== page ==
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on 11 February 2002
This novel not only gives a voice to Bronte's madwoman from the attic, but it shows the woman as the true underdog she is --doubly oppressed by race and sex. A white Creole, the heroine Antoinette comes from an impoverished former slaveholding family on a Caribbean island, and as such is hated both by the black population (who continue to be exploited despite the formal abolition of slavery) and by the rich English "newcomers." After the death of her father and stepfather, and after her mother has been driven mad by their desperate citcumstances, Antoinette is sold, for the price of her dowry, to a young Englishman who wants to make a quick fortune. Rochester (who is never named and whose identity can only be guessed from the plot), is at the same time attracted and intimitated by her independence and exotic beauty, but soon the lush beauty of Antoinette's island turns into a nightmare for him too, as he is drawn into a net of lies and intrigues. Not willing nor able to listen to her side of the story ("There always is the other side," she once says to him), he begins to hate Antoinette with a hatred so fierce that it drives him to crush her personality until the point of madness.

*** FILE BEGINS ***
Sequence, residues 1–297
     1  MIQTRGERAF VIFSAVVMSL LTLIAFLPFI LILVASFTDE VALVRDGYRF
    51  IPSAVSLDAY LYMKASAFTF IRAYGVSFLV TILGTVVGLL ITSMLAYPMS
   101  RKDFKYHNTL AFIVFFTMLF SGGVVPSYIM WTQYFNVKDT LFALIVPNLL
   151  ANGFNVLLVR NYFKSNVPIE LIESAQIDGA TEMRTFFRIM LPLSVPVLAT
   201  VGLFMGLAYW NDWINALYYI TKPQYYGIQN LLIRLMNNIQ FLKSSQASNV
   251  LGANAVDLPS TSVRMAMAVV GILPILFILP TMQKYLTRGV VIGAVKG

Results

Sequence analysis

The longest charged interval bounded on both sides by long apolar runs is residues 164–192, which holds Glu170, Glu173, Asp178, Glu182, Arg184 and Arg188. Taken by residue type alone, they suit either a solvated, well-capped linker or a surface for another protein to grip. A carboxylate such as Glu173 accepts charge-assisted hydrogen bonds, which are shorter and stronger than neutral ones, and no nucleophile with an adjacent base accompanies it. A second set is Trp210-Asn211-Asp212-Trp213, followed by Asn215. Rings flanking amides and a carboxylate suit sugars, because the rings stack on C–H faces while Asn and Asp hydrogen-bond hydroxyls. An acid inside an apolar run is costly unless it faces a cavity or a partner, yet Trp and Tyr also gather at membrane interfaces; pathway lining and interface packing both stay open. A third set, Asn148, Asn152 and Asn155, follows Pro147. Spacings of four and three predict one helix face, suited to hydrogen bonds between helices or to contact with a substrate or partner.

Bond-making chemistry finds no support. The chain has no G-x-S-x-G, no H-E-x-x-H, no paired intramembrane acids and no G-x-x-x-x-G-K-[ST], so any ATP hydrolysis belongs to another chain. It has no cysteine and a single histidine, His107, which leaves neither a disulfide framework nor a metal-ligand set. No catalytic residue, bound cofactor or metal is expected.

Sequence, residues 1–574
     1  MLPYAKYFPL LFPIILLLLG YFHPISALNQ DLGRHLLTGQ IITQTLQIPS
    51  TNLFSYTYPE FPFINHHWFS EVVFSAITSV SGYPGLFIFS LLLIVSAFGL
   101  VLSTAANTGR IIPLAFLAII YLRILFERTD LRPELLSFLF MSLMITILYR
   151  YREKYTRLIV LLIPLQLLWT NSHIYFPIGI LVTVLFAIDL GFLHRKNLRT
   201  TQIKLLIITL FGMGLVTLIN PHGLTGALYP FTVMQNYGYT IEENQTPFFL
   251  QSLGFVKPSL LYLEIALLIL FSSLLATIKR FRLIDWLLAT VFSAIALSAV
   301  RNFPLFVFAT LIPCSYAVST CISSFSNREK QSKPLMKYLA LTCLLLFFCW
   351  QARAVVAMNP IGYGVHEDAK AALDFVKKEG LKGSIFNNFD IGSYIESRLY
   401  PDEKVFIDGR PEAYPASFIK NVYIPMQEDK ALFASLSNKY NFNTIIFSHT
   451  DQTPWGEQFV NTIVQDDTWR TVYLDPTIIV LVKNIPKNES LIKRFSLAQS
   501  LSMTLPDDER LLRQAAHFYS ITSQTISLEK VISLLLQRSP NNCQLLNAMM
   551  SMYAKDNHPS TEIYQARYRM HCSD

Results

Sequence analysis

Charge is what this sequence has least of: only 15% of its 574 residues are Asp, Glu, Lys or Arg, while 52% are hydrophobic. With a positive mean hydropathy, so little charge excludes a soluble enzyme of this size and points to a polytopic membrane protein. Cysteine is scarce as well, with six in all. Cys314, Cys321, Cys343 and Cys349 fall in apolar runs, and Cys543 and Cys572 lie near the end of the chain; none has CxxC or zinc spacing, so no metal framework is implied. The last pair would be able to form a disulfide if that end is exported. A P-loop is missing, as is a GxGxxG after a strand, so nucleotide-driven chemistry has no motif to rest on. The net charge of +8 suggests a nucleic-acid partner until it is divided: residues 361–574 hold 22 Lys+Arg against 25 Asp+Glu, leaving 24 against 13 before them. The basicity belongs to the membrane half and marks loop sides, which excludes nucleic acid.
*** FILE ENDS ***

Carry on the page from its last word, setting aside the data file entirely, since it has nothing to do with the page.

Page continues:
In this novel, identity is never a simple and stable thing, and this is as true for Rochester as it is for Anoinette and the black servants who work for them. Despite the antagonistic feelings they all have for each other, there is a subtle mirroring taking place, blurring the distinction between "you" and "me", "them" and "us." Rochester's first person narrative (sandwiched and interrupted by Antoinette's first person account) reveals the extent to which he, too, increasingly feels a loss of control over his life and world, himself getting to the brink of madness. But with typical male dominance he decides to break Antoinette rather than be broken by her world (which he can neither understand nor accept), and so he ships her off to England, into the exile of his attic from which she shall never return alive. You will never read "Jane Eyre" the same way after having read this novel!
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on 22 December 2011
WARNING: A PLOT SPOILER IS INCLUDED IN THE FIRST PARAGRAPH

This book was written as a prequel to Jane Eyre (JE). It focuses on Rochester's first wife, JE's `madwoman in the attic'. In chapter 27 of JE we are given a brief back history of this woman and of how Rochester came to marry her, but this is recounted by Rochester himself: we never get to hear from her, despite her importance in the plot of JE. By contrast, in WSS Jean Rhys makes her the centre of the story as Antoinette Cosway; the name `Bertha' by which she is known in JE is foisted on her, against her will, by Rochester; this is one of several ways in which Rochester appears in WSS as an oppressive and bullying man. After she and Rochester marry she develops some disturbing behaviour symptoms which eventually turn her into JE's `madwoman', but WSS implies that this behaviour is not (as Rochester claims in JE) hereditary but instead is the result of his poor behaviour towards her. The story in WSS takes us through her life from a young girl to her eventual suicide; the bare details of the suicide are recounted in chapter 36 of JE, but WSS provides an explanation based on Antoinette's gathering despair at her treatment and her hopeless predicament.